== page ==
Blooming wisteria, lilac, dogwood tree, cherry tree, mexican orange, rosemary, bleeding heart, native bleeding heart, lungwort, iris, buttercups, tulips, primrose, and violets abound in my garden. The very first bright red rhododendron flower opened. Tightly budded herbaceous peonies and oriental poppies tease me, they are some of my favorite flowers and I can hardly wait. My clematis curls it's delicate tendrils towards the sky, beginning to develop pointy buds. Oriental, tiger, and maragon lily leafy stems all stand at least a foot tall.

The raspberry canes naked all winter have leafed out in a frenzy of green. Both delicate and chubby fiddleheads are unfurling on my many varieties of ferns. Our four japanese maple trees have leafed out once again enveloping our secret garden and little cottage into a shady summer retreat. Creeping jenny ground cover has sprung back to life creeping across the ground in a bright golden carpet. Hellebores and winter daphne begin to fade, making room for the much anticipated show of hydrangea and azalea.

Looking closely at the flower garden soil I notice 3 of my dahlia varieties have courageously poked their green heads out of the warm soil. Indeed the soil is warm. When digging holes for sunflower seeds and a new dahlia variety 'giggles' the soil in my bare hand is warm and moist on my skin. Perfect conditions for seed germination and dahlia tubers.

In the vegetable garden I planted seeds for three varieties of beets and two of carrots. The radish seeds I planted last week have germinated. Around the vegetable garden raised beds and containers I tuck in transplants of companion flowers-alyssum, calendula, lobelia, and marigolds. The herb garden adds dill and mexican oregano. With afternoon temperatures in the 80s I watered everything in deeply and know I will need to keep the soil consistently moist for ideal seed germination. The warm sun on my skin felt so good. Such a blissful ideal planting day in my garden.

Best of all, it was silent.

No neighbor noise, no big trucks, no construction, no leaf blowers. It was was only hours later when I realized how relaxed, grounded, restored, and happy I was that I reflected on how meaningful is quiet.

During my work weeks I spend time with a lot of students in my workshops and a lot of horticultural therapy clients in my clinical work. Sometimes I am teaching 2-3 gardening workshops a week and meeting up to 100 students. My horticultural therapy clients are a wide range of ages and abilities including developmental disabilities, intellectual disabilities, mental illness, seniors with dementia, people recovering from stroke, traumatic brain injury, heart attack, and injuries, inpatient & outpatient pediatrics. During my work maintaining hospital healing gardens I come into contact with a diverse group of patients, families, and staff.

On average I commute anywhere between 500-800 miles/month driving between my work sites all over the Portland metro area. At least twice a week I cross the bridge to Washington. This is a satisfying, abundant, and busy work life with my own business and as a horticultural therapy intern.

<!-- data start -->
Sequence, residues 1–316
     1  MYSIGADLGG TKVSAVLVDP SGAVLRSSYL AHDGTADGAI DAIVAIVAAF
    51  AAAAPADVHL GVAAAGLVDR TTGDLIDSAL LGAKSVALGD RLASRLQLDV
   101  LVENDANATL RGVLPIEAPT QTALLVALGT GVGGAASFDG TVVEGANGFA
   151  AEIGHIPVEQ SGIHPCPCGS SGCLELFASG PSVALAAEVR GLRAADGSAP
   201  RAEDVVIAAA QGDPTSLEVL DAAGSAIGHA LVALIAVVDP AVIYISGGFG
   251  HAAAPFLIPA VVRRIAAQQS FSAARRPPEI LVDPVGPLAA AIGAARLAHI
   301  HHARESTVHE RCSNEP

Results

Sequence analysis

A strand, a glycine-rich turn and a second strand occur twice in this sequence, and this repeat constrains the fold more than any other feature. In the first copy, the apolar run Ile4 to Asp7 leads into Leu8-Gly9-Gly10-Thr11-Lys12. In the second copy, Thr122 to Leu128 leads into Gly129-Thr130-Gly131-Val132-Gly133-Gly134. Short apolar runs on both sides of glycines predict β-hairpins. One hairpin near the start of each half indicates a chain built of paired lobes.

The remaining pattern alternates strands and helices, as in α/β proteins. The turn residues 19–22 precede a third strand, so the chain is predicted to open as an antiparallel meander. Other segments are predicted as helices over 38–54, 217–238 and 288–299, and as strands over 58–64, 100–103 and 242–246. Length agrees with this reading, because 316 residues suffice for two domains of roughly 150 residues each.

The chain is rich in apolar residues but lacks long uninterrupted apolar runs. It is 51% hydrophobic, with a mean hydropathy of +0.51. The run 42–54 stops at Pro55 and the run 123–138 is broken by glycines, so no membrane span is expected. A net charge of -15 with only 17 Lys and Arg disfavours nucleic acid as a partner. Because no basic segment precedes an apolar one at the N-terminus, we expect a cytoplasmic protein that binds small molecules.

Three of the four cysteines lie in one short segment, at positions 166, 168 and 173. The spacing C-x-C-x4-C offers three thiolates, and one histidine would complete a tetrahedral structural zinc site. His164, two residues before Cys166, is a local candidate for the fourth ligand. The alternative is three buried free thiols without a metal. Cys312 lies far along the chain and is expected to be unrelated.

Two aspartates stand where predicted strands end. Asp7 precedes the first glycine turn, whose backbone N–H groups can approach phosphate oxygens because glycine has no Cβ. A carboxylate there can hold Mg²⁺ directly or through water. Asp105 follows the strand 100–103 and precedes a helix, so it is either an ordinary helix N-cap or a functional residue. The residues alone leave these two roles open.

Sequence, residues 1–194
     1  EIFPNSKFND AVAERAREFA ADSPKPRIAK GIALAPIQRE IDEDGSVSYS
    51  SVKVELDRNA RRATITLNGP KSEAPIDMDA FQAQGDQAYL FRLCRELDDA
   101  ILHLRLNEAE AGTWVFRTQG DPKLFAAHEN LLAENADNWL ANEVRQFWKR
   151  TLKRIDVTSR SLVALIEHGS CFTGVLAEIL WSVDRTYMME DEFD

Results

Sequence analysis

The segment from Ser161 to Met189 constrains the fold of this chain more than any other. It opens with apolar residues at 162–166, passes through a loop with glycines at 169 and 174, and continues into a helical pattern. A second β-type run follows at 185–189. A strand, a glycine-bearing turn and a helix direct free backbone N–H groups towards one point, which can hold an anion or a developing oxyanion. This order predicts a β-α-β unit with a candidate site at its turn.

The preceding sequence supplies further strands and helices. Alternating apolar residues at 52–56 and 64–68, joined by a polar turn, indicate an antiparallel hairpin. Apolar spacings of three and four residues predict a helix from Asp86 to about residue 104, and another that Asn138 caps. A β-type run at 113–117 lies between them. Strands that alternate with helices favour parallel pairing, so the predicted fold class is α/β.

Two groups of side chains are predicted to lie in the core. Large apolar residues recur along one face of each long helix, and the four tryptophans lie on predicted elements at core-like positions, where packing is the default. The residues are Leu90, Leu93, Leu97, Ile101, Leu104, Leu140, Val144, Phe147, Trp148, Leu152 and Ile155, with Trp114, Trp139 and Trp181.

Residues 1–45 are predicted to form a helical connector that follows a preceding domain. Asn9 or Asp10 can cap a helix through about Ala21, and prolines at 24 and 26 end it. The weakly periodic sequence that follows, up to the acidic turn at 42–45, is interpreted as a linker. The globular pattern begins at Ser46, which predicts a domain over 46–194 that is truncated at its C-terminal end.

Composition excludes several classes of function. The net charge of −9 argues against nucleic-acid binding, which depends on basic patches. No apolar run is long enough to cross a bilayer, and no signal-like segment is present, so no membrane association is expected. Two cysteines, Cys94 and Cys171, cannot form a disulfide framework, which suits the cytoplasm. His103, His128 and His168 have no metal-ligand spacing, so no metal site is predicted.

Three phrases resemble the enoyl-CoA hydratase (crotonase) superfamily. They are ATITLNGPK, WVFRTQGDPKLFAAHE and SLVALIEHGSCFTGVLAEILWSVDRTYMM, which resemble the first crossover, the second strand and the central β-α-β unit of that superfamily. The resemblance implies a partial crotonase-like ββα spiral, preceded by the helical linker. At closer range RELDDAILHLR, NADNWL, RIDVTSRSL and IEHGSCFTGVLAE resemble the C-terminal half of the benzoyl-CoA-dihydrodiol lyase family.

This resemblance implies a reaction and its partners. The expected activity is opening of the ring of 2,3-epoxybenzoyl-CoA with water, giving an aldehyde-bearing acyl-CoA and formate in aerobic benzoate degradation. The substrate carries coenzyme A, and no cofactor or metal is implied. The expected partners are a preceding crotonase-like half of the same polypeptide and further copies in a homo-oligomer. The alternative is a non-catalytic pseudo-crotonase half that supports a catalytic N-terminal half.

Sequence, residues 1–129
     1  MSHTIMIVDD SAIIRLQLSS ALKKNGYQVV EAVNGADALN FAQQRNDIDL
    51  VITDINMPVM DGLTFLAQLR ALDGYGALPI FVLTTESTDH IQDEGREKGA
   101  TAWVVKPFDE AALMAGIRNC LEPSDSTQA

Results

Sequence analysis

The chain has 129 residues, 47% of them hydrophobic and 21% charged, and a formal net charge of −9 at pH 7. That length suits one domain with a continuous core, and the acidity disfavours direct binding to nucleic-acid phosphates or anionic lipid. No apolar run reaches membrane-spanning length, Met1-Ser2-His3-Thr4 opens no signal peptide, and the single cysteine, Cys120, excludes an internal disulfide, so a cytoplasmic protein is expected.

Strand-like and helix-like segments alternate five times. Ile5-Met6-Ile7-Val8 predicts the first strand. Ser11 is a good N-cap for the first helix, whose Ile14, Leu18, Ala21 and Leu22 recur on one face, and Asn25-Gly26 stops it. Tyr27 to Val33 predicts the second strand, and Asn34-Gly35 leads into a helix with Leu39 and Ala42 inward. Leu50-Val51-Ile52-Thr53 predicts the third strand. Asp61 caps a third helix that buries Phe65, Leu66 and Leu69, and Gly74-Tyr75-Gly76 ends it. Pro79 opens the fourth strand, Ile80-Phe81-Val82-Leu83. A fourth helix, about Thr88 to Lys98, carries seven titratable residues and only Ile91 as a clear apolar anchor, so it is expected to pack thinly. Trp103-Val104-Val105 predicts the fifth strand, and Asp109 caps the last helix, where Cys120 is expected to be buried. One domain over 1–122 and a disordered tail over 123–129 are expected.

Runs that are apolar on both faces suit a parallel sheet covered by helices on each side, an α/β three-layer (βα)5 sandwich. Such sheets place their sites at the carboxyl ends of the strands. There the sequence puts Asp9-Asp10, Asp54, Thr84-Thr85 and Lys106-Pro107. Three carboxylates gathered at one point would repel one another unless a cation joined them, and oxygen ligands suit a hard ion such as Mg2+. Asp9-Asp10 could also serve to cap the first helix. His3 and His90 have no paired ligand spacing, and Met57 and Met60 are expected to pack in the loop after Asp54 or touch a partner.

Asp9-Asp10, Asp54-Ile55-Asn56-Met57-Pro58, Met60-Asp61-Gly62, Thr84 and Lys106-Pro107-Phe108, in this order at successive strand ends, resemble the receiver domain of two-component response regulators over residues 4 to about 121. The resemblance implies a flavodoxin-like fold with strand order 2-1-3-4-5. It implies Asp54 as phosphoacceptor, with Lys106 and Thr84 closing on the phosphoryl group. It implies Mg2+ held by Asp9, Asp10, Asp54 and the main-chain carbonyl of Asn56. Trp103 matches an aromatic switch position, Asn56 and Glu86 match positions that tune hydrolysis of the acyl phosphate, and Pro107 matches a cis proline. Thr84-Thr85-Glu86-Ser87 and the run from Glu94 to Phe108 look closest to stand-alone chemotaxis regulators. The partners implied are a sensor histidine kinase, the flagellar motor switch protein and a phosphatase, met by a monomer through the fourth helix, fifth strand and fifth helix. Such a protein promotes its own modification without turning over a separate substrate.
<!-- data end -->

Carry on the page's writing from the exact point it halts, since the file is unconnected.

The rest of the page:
I crave quiet and nature for restoration. Contemplative time, time in my garden, and quiet all help bring my life back into balance. Did you know that being in nature and even passive views of nature from a window both help lower blood pressure & heart rate, slow breathing, and reduce muscle tension? Nature is medicine. We spend too much time inside in front of electronics.

Our spring equinox was on March 20th and that day marks the even balance of day and night hours. The spring season is about blossoming and rapid growth, but it is also about staying in balance. What do you want to blossom and grow in your life? How do you nurture that? What do you do to restore and keep balance in your life? The Gardening Goddess is here to remind you of wellness through nature. Enjoy!

Happy Spring,
Jolie

Thursday, April 7, 2016

What to Plant in the April Veggie Garden

Good morning gardeners!

April heralds a bright beginning to the gardening season in Portland. In the past two months I have taught a dozen gardening workshops around the Portland area and met close over 100 enthusiastic gardening students. If you have joined me in a gardening workshop, thank you!

Spring fever is upon us and perhaps you have planted some crops already and perhaps you are itching to get started. In April we are still planting cool season crops. In spite of the 60-70 day time temperatures, it is still too cold to plant your warm season summer crops!! Please no tomatoes or basil yet. Today's 85 degree temperatures were a one-day spring rarity.

Here's what to plant now:

Asian greens
Beets-great time to plant seeds in April
Brussels sprouts (plant in spring for a fall harvest)
Cauliflower
Carrots-great time to plant seeds in April
Cabbage
Collards
Fennel
Kale
Kohlrabi
Lettuce
Mustard Greens
Parsnips (plant now for a fall harvest)
Peas-don't like heat so get them in by the end of april
Radicchio
Radishes
Turnip
Salad greens-arugula, cress, endive, ecarole, mache
Spinach
Swiss Chard

Continue planting artichokes, rhubarb, potatoes, leeks, onions, shallots, garlic in April.

Runner beans are the only type of bean that can be planted early. Plant some seeds now in April, like scarlet or sunset runner. They make beautiful ornamental plants grown up a trellis as a vine hummingbirds will love. Harvest the pods while very young and small for fresh green beans. Or wait until pods are large and dry out for shelling/dry beans.

Herbs-plant cool season annual herbs like cilantro and chervil. Plant all perennial herbs now. Plant hardier annual herbs like dill and german chamomile. Wait on tender warm-season annual herbs like basil and shiso until May.